LONDON: Iran announced on Wednesday (May 8) it was scaling back curbs to its nuclear programme under a 2015 deal with world powers, and threatened to do more - including enriching uranium to a higher level - if countries did not shield it from US sanctions.
A year after Washington pulled out of the nuclear deal with Iran, President Hassan Rouhani unveiled measures that do not appear to violate the deal's terms yet, but could do so in the future if Iran were to persist on the course he set out.
Rouhani said Tehran would halt a programme to sell excess enriched uranium and heavy water to other countries, an arrangement used under the nuclear deal to keep its own stockpiles below permitted caps.
And he threatened that in 60 days Iran would resume enrichment of uranium beyond the low level permitted under the deal, unless the five other powers signed up to it find a way to protect Iran's oil and banking industries from US sanctions.
"If the five countries came to the negotiating table and we reached an agreement, and if they could protect our interests in the oil and banking sectors, we will go back to square one," Rouhani said.
"The Iranian people and the world should know that today is not the end of the JCPOA," he said, using the acronym for the nuclear deal. "These are actions in line with the JCPOA."
The 2015 deal was signed between Iran, the United States, Russia, China, Britain, France and Germany. Iran agreed to curbs on its nuclear programme in return for the lifting of sanctions.
Washington's European allies opposed President Donald Trump's decision to pull out. They have tried to find ways to blunt the economic impact of new US sanctions in the hope of persuading Tehran to continue to abide by it. However, their efforts have largely failed, with all major European companies abandoning plans to do business with Iran for fear of US punishment.
France's defence minister said she wanted to keep the nuclear deal alive and warned Iran it could face more sanctions if it did not honour its part of the deal.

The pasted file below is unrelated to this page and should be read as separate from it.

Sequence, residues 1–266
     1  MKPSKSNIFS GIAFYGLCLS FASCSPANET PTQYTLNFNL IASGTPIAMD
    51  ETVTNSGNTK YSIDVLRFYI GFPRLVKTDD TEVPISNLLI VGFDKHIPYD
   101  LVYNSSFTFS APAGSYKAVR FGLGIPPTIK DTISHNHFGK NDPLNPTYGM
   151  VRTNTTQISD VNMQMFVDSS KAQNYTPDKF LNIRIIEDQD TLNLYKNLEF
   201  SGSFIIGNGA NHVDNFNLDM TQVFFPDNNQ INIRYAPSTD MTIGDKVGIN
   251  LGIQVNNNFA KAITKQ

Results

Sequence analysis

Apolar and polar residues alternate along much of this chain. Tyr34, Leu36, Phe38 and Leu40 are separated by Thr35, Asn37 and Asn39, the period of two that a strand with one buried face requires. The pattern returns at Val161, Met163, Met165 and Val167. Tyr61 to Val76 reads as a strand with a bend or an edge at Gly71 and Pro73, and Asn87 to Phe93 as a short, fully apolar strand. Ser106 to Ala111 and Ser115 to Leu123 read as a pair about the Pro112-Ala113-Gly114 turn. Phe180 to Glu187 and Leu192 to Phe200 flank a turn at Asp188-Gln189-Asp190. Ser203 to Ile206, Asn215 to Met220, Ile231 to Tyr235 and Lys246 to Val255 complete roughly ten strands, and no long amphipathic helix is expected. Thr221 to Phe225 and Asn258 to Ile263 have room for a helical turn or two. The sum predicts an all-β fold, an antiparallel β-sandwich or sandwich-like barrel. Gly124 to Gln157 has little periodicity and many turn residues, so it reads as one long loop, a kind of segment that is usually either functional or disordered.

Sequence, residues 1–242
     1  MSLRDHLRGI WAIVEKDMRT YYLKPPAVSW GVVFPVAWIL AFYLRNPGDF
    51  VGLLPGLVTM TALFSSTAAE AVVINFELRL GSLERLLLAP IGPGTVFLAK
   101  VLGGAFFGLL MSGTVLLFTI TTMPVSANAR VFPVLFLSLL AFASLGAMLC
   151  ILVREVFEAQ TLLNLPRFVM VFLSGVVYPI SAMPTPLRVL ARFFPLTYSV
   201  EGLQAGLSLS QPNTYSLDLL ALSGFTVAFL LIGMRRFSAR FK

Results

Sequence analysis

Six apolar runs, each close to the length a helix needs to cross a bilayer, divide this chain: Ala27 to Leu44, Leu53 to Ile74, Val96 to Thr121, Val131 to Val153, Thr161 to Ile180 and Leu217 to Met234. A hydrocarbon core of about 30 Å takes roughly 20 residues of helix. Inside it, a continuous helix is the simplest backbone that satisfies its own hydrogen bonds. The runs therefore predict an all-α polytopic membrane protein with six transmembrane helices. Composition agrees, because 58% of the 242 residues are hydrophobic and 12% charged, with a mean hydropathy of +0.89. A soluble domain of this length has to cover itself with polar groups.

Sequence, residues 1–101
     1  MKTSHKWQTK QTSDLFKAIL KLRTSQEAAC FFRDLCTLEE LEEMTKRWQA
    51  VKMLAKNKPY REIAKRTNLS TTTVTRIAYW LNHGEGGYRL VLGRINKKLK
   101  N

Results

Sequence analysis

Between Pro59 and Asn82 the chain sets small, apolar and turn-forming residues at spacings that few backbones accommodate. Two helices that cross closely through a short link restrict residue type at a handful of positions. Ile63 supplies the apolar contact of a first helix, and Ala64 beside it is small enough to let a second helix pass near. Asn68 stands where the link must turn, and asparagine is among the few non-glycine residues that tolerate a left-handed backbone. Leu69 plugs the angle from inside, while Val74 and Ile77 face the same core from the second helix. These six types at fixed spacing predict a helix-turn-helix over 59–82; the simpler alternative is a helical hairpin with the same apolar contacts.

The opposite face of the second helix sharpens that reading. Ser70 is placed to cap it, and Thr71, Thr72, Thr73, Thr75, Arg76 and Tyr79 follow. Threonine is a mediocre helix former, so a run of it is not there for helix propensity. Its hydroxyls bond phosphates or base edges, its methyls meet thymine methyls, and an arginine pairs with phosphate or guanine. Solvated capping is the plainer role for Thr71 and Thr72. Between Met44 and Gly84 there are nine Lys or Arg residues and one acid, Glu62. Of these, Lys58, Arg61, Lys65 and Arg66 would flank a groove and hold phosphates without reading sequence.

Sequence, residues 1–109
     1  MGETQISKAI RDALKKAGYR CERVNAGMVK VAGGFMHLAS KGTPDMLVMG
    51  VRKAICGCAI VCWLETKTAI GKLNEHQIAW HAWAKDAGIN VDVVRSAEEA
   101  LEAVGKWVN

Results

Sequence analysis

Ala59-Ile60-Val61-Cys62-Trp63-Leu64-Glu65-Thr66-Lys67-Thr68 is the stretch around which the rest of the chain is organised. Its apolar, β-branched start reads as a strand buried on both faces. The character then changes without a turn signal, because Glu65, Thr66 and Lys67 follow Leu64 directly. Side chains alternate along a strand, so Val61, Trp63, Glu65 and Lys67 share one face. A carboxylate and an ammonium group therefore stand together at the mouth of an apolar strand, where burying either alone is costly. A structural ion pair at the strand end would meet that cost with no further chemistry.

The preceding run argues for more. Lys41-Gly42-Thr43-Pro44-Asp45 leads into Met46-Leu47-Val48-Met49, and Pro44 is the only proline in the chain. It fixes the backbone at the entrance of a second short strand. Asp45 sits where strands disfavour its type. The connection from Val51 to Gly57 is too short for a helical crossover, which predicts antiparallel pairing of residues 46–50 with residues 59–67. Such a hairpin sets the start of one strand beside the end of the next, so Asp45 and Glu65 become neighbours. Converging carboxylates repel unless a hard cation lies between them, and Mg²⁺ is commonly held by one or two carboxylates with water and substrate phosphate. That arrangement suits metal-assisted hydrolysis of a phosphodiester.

"Today nothing would be worse than Iran, itself, leaving this agreement," Florence Parly told BFM TV.
China said the agreement should be implemented and called on all sides to avoid an escalation of tensions.
The weeks leading up to the anniversary of Trump's withdrawal from the agreement have seen a sharp tightening of US sanctions and an increase in tensions on other fronts.
From this month, Washington has effectively ordered countries around the world to stop buying any Iranian oil or face sanctions of their own, revoking waivers that had allowed some countries to continue buying Iranian oil. It says it aims to reduce Iranian crude exports to zero.
Washington has also blacklisted Iran's Revolutionary Guards force as a terrorist organisation and Iran responded with threats to close the Gulf's strait of Hormuz if its ships were blocked there.
Washington announced the deployment of an aircraft carrier to the Gulf to counter what it says are Iranian threats. Tehran says the USS Abraham Lincoln is replacing another carrier that had already left the area under a scheduled rotation, and calls the announcement "psychological warfare" based on old news.
The looming total ban on oil sales is likely to sharply increase the economic hardship for Iran's 80 million people, and finding a response is the biggest test yet for Rouhani, a pragmatist who has faced strong opposition from the hardline faction of Iran's leadership throughout his six years in office.
The nuclear deal was the flagship policy of Rouhani, who won two landslide elections on promises to end Iran's isolation and open its economy up to the world. Ultimate authority in Iran is in the hands of Supreme Leader Ali Khamenei, a cleric in power since 1989, who signed off on the nuclear deal but remains close to the hardline faction that challenges Rouhani.
Washington's European allies say Trump's repudiation of the deal hurts the pragmatic wing of Iran's leadership and plays into the hands of hardliners. It means ordinary Iranians see no economic benefits from Rouhani's efforts to open the country.
The Trump administration argues that the deal, negotiated by his predecessor Barack Obama, was flawed because it is not permanent, does not address Iran's missile programme and does not punish Iran for meddling in the affairs of other countries.
Trump's hard line is backed by Israel and by Washington's Arab allies in the Gulf, such as Saudi Arabia and the United Arab Emirates, which see Iran as a foe and which gain leverage over global oil prices by keeping Iranian crude off the market.
Iranian Foreign Minister Mohammad Javad Zarif tweeted: "After a year of patience, Iran stops measures that US has made impossible to continue." Zarif said the remaining countries had a "narrowing window" to save the deal.